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And no matter what their first impression may be, all the characters grow as time progresses slowly becoming different people. This is the same thing that made the original Danganronpa so deep, because you felt that the characters were slowly but surely starting to become a more cohesive group, accommodating to the situation at hand. Unlike in the original, many of the characters here feel a lot less egocentric, which can definitely be seen when their motives for killing start to pop up.


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Danganronpa 2 plays out like a mix of an adventure game and visual novel. When you are not talking to people you are exploring the island and looking at objects. This is especially important after a murder occurs, because that’s when you have to find clues which you will bring to the courtroom. Thankfully the game constantly moves you forward at a brisk pace, never leaving you to wonder where to go or what to do.


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There is even a quick travel system in place that lets you not only get from point A to point B quickly, but also allows you to pin point where all of your friends are on the island if you want to talk to someone quickly. Sadly, some things like selecting words in a conversation in order to talk about that topic have been left out, no longer being present in the game.


Being a sequel it is expected for Danganronpa 2 to have a few additions. Now you will see your character from a third person perspective when you go from location to location. Once you arrive to your destination the game shifts to the standard first person perspective.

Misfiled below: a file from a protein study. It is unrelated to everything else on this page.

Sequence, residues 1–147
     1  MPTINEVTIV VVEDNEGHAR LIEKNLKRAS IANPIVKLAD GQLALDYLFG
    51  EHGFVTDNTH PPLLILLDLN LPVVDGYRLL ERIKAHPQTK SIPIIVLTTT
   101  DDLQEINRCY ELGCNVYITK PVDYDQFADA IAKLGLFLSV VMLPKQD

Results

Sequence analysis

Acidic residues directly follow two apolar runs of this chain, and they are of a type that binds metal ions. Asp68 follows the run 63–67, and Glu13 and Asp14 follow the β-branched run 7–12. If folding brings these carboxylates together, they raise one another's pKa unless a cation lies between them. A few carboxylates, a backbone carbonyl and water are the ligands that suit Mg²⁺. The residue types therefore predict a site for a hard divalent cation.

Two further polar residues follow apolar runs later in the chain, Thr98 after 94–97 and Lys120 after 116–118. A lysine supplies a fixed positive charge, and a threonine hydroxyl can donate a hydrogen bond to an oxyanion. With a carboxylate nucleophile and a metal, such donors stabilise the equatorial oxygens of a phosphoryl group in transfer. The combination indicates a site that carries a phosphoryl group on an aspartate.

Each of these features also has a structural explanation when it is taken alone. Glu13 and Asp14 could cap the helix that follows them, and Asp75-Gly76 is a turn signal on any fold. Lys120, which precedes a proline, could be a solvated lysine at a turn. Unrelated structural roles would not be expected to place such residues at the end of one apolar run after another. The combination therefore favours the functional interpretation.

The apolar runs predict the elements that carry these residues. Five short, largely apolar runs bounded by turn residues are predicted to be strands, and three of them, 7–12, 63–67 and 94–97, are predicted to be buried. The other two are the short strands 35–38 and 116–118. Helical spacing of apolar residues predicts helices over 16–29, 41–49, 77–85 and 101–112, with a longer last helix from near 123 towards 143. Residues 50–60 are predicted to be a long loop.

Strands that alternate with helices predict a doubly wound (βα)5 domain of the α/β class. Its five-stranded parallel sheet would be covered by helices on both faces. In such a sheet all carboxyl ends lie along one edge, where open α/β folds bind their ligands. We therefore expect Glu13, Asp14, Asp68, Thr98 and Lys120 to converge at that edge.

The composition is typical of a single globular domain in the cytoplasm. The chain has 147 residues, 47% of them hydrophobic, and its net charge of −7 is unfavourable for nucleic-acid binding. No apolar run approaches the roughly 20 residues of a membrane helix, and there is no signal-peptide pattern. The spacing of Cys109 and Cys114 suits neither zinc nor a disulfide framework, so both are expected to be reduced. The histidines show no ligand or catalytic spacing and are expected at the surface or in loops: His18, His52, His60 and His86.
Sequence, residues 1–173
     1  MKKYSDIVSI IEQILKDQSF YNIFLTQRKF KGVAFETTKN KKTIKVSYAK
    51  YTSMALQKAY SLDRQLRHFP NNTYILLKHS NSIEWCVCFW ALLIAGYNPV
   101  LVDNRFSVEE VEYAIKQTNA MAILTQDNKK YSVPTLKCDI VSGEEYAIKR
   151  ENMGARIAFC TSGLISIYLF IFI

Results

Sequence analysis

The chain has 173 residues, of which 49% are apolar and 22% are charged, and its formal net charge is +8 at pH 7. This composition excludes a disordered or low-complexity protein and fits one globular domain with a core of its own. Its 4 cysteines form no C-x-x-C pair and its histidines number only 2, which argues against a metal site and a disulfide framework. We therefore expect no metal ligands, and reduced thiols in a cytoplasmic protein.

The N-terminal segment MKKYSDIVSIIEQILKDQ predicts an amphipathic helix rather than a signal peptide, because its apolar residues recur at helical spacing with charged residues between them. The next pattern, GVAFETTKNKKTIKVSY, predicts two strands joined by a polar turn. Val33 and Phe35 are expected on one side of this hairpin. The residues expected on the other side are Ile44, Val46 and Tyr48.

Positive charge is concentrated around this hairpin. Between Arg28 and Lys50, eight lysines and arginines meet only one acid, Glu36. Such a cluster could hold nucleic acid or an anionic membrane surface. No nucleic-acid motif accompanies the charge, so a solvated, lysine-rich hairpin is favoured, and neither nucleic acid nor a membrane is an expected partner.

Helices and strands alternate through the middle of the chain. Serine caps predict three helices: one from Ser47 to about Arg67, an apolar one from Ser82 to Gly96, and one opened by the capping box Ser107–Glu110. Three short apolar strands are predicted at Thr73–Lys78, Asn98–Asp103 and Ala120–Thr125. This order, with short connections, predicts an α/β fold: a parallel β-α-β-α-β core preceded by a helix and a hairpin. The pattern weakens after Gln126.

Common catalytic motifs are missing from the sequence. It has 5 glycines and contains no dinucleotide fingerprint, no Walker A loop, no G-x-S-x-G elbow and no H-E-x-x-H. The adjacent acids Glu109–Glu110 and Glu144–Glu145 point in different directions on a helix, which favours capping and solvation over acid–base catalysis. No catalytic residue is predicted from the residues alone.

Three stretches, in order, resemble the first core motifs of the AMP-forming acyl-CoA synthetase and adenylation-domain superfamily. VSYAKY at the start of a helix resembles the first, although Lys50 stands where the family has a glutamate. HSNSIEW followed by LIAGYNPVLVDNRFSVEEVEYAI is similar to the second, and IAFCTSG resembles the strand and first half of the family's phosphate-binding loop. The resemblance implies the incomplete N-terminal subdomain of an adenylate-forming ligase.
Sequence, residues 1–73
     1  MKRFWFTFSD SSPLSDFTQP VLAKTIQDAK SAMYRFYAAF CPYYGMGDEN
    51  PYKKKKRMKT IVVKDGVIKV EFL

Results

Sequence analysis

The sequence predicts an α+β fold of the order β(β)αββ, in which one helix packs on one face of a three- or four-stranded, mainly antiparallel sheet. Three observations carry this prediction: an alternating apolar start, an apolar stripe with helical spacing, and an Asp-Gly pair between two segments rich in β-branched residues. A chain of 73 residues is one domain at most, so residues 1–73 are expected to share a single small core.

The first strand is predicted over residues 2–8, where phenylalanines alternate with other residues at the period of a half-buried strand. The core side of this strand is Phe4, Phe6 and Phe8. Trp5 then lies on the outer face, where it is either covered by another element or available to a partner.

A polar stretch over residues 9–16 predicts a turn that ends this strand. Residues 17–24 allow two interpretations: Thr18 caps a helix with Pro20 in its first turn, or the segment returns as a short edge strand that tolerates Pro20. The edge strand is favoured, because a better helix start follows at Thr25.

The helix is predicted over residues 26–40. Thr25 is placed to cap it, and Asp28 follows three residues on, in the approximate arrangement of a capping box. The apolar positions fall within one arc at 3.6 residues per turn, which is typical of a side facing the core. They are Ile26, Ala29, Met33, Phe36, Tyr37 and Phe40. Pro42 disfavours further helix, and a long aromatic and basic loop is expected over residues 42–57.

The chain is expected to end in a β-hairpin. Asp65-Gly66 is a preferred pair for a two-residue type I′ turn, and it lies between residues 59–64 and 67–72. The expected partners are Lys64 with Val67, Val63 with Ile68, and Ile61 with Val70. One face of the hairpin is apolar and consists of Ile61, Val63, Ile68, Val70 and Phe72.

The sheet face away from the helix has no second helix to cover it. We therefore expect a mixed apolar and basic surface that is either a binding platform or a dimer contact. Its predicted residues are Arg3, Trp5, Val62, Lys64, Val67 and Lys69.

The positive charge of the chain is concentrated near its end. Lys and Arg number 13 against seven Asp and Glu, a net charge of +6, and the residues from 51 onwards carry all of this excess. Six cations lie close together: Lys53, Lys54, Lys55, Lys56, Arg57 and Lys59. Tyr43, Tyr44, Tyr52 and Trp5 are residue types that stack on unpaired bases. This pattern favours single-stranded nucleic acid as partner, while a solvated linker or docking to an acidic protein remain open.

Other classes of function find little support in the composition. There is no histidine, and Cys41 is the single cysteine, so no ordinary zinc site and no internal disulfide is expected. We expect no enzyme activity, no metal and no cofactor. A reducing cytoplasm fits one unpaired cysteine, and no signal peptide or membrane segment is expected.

There is a lot of variety here. At one point you can even play an arcade game, watch a film and even play a room escape puzzle which is a tribute to the Zero Escape series.


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The courtroom segments are fundamentally different from what you may have come to expect from the Ace Attorney series. Instead of calmly speaking one by one, here everyone blurts out what they have in a ongoing fiery discussion. During this you have to move a cursor and shoot facts at contradictory statements in order to proceed. Your facts will be loaded into your revolver and it is up to you choose the correct fact or even pick up a previous statement to use on a future one.


A new inclusion in the sequel is Consent or the ability to agree with someone’s statements, presenting proof that supports that statement instead of finding contradictions. Despite feeling a bit like busy work, this segment still holds up well and doesn’t take away from the atmosphere.